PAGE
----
Tornadoes: Emergency Preparation

Tornadoes are nature’s most violent storms.

It is not rare to see lightning storms near tornadoes. Image courtesy

All types of vehicles can be blown over, rolled, crushed, lifted, or otherwise destroyed by even a weak tornado. People have been hurt or killed when large trees crushed their recreational vehicle.

NOAA Weather Radio

The National Weather Service continuously broadcasts updated weather warnings and forecasts that can be received by NOAA (National Oceanic and Atmospheric Administration National Weather Service) Weather Radios sold in many stores. The average range is 40 miles, depending on topography. The National Weather Service recommends purchasing a radio that has both a battery backup and a tone-alert feature which automatically alerts you when a watch or warning is issued.

Canada’s tornado warning system

Environment Canada is responsible for warning the public when conditions exist that may produce tornadoes. It does this through radio, television, newspapers, its internet site, as well as through its weather phone lines.

If you live in one of Canada’s high-risk areas, you should listen to your radio during severe thunderstorms.

A tornado touching the ground. Image courtesy

What to Listen For…

TORNADO WATCH: Tornadoes are possible in your area. Remain alert for approaching storms.

TORNADO WARNING: A tornado has been sighted or indicated by weather radar. If a tornado warning is issued for your area and the sky becomes threatening, move to your pre-designated place of safety.

SEVERE THUNDERSTORM WATCH: Severe thunderstorms are possible in your area.

SEVERE THUNDERSTORM WARNING: Severe thunderstorms are occurring.

Look out for:

  • Dark, often greenish sky
  • Wall cloud
  • Large hail
  • Loud roar, similar to a freight train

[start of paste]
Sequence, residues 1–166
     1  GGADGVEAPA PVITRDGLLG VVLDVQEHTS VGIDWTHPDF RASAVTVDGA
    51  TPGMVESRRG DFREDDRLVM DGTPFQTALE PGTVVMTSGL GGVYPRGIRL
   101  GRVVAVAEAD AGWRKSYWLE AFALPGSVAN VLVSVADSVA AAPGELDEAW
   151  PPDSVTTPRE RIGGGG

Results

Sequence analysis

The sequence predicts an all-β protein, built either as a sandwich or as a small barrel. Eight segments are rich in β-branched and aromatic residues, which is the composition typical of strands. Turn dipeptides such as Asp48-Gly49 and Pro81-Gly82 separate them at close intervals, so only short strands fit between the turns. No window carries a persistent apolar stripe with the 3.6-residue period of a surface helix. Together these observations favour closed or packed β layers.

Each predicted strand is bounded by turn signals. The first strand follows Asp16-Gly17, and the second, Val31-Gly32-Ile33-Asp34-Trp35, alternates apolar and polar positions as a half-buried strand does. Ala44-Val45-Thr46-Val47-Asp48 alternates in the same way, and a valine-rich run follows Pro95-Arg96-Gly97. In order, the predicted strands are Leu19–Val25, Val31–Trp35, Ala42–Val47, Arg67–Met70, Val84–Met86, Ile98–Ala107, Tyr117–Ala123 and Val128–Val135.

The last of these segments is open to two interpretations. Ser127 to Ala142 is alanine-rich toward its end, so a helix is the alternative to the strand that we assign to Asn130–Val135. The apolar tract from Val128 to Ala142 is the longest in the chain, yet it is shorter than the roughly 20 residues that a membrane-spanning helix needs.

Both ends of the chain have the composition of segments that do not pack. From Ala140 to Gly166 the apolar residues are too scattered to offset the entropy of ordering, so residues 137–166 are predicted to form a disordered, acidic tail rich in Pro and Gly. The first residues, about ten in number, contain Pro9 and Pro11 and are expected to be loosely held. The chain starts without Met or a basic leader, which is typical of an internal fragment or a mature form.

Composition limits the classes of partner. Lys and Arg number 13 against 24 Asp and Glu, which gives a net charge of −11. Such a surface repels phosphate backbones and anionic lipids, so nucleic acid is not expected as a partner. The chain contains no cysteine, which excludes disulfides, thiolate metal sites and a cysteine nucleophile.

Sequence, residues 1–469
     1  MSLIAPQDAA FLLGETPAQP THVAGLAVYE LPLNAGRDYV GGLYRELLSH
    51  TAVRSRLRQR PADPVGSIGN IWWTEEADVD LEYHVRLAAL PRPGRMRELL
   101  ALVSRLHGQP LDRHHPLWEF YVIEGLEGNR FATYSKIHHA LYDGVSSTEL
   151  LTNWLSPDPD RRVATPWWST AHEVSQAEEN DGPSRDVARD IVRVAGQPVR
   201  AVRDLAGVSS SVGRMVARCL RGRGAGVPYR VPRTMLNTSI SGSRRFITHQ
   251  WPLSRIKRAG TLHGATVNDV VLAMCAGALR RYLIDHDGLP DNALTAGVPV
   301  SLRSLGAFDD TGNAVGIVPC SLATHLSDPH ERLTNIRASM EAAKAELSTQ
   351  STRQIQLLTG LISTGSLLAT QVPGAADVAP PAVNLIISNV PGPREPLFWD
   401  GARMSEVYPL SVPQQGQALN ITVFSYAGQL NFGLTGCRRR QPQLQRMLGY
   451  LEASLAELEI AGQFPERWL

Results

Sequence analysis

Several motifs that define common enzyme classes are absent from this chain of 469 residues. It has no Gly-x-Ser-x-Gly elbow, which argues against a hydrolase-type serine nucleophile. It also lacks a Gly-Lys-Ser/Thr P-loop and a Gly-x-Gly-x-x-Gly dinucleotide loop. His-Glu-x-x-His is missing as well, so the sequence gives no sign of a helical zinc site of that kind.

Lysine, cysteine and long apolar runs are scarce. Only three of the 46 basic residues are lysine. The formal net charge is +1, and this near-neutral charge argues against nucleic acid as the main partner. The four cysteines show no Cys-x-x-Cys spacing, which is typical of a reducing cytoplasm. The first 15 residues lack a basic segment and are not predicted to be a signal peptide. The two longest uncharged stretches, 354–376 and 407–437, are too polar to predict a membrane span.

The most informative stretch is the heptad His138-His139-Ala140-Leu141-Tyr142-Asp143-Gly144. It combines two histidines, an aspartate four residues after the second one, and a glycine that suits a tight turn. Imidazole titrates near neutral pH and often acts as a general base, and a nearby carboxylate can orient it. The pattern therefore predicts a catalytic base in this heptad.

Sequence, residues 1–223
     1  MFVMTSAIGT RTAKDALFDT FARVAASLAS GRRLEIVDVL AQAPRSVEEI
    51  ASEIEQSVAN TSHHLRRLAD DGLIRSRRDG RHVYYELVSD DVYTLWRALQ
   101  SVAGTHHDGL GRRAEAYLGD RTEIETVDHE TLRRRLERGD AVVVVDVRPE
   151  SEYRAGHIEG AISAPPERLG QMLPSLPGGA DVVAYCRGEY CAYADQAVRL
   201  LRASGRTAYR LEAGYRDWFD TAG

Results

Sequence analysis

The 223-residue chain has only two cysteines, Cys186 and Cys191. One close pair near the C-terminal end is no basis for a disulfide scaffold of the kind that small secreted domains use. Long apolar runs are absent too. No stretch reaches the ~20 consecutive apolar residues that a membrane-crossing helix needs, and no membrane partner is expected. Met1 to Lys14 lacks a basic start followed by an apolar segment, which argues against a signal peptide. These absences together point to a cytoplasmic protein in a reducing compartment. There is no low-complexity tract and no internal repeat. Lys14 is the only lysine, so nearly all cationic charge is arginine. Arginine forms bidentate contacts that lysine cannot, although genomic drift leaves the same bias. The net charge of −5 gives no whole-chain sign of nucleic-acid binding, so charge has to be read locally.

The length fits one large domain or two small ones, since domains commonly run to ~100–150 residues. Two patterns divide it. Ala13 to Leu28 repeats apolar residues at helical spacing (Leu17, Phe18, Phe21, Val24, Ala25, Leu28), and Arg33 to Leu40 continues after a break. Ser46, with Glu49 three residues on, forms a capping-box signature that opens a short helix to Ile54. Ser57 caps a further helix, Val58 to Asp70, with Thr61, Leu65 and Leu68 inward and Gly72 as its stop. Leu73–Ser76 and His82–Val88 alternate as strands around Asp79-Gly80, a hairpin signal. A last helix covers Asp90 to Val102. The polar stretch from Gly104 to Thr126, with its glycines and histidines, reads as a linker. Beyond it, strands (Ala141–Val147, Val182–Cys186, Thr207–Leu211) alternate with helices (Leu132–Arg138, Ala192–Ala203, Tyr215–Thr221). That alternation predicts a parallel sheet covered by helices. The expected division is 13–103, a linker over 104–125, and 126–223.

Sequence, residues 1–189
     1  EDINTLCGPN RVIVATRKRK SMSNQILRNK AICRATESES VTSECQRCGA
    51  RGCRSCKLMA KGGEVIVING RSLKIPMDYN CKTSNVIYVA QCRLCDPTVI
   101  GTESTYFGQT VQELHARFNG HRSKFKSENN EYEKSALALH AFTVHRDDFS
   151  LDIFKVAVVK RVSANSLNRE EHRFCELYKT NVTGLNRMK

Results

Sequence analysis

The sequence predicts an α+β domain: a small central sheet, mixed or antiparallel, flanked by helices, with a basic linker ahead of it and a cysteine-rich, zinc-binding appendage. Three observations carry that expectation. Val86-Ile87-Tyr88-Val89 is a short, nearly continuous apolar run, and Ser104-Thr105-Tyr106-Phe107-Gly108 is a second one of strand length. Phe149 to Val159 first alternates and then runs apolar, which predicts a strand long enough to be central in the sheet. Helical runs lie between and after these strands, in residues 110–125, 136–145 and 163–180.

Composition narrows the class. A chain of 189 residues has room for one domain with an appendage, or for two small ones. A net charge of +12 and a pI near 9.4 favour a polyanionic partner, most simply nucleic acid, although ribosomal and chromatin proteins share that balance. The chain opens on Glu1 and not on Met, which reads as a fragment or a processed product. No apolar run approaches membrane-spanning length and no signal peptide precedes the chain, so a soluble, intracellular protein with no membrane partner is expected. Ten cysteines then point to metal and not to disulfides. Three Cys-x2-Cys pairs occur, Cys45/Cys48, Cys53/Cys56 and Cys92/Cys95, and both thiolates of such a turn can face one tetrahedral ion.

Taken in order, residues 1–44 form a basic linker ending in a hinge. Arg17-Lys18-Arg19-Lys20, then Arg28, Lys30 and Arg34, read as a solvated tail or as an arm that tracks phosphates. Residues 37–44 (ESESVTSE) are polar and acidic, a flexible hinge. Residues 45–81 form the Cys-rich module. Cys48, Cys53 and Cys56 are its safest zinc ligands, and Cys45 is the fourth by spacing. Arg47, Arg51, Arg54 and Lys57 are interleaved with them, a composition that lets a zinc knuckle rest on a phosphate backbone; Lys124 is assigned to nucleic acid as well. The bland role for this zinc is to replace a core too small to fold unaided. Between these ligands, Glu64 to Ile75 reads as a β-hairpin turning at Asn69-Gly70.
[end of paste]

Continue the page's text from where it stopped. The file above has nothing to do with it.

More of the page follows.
Safety Tips

  • Be familiar with your location by keeping a highway map handy that includes the county names and boundaries (National Weather Service severe weather warnings are issued based on counties)
  • Prepare for tornadoes by gathering emergency supplies including food, water, medications, batteries, flashlights, important documents, road maps, and a full tank of fuel
  • When a tornado approaches, anyone in its path should move to a pre-designated shelter—preferably a designated storm shelter or basement; if an underground shelter is not available, move to an interior room or hallway on the lowest floor
  • Follow the basic tornado safety guidelines—get in, get down, cover up
  • In all cases, stay away from windows, outside walls, and doors
  • Seek additional protection by getting underneath large, solid pieces of furniture
  • DO NOT try to outrun a tornado in your recreational vehicle or auto
  • Recreational vehicles and mobile homes, even if tied down, offer little protection from tornadoes and should be abandoned
  • Highway overpasses and bridges are NOT tornado shelters—and should be avoided
  • Ditches, culverts, and ravines should be used only as an absolute last resort; you will be exposed to flying debris, rain, hail, lightning, and extreme wind
  • In all cases, get as close to the ground as possible, protect your head, and watch for flying debris

Two tornadoes next to each other. Image courtesy

Check List for RVers

  • Check with RV park management regarding their storm warning system and location of nearest tornado shelter
  • Include the following items in “Tornado Emergency Kit: water, flashlight, cell phone, radio, extra batteries, vehicle keys, cash, credit cards, essential documents, prescription medications, jacket or rain gear

Source: National Oceanic and Atmospheric Administration National Weather Service (NOAA) and National Geographic

Worth Pondering…
You don’t want to be in a vehicle when a tornado hits. It’s too easy to pick it up.

—Kent Prochazka

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